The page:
It used to be that when I intended to do some teaching through modeled writing, I would plan the writing piece ahead of time, often writing the entire thing on a sticky note so when I went to write it on chart paper during the lesson, I could do it perfectly without a second thought.
But such silky smooth modeled writing is costly. Even though it allowed me to focus my attention on teaching a new writing strategy or skill, my surrounding writing behaviors said, "Hey kids, watch me suddenly pump out this perfectly organized, polished paragraph without even breaking a sweat. This is how writers write. Don't you want to be able to do this?"
Yikes! Unintended and indirect though it may have been, that was the way students always saw me write. So I changed. I stopped prepping the writing I would do in front of the class. (Don't get me wrong, I still had a plan for the lesson, but I didn't plan every little detail of the written model.) I stopped trying to write a final draft right off the bat. I intentionally revised portions of what I modeled, thinking aloud so students heard the process.
Writing this way in front of students took some getting used to for me. The getting stuck, the messing up, the crossing out, the struggle, the muddling through. But it was ten times more realistic. And I'm telling you, the muddling is exactly what kids NEED to see. They need to see it in order to break down the stereotype that a "good writer" writes exactly what they want right away. They need to see the unsettled feeling that it's not quite right yet, the hem and haw over a single word, the move-on-and-come-back.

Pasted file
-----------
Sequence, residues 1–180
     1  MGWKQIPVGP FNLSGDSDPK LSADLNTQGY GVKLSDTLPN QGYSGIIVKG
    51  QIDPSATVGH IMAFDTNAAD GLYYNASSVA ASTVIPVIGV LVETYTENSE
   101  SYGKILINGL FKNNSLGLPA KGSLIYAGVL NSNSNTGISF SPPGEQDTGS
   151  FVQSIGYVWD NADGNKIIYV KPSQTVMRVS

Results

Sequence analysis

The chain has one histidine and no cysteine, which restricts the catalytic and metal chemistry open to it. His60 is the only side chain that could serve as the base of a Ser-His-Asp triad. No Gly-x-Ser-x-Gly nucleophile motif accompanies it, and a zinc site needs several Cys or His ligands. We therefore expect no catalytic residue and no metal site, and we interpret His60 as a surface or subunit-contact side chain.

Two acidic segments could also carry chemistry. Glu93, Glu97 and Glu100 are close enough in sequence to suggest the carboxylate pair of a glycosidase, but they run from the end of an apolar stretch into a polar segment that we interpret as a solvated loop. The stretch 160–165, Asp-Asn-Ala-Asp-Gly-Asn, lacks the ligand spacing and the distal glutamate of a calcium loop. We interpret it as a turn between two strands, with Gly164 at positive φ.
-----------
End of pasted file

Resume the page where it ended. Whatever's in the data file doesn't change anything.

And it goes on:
These behaviors do not show weakness. It's an authentic path to making the writing strong.
While I do want to end up with a strong model of the new skill I want students to practice, I also want to model how to get there. It takes a little more time during the lesson, sure. But I also saved time by not planning out every little word and phrase ahead of time. And the more students saw me revise the writing I did in front of them, the more natural revising became.
Step Two: Remove ObstaclesHelp change the classroom writing culture by removing obstacles that get in the way of revising hard.
One obstacle that always pops up is simply where to revise. Often, students fill their paper with drafting, which makes it cumbersome to make significant revisions. Little tricks can help, like skipping lines or drawing arrows, but I've got a solution that sets up the rough draft in a way that's super conducive to revising hard. You can read about it right HERE, a post I wrote for the Upper Elementary Snapshots collaborative blog.
Time can be an obstacle, especially if we're trying to add a bunch more revising into an already cramped writing block. Remove this obstacle by shortening the length of the piece of writing. Instead of having students write, say, five pages, scale down to one to two pages. This gives students more time (and less to deal with) when revising.
A third obstacle, which can often be the largest, is student motivation. Revising hard is a different way of looking at your writing, one that accepts the idea that your first attempt is not your best. We know this idea doesn't come naturally to most students. Add to this the fact that many students will see the idea of more revising as simply more work, and motivating students to revise hard can be a challenge. But once the tide turns, it's like a snowball effect.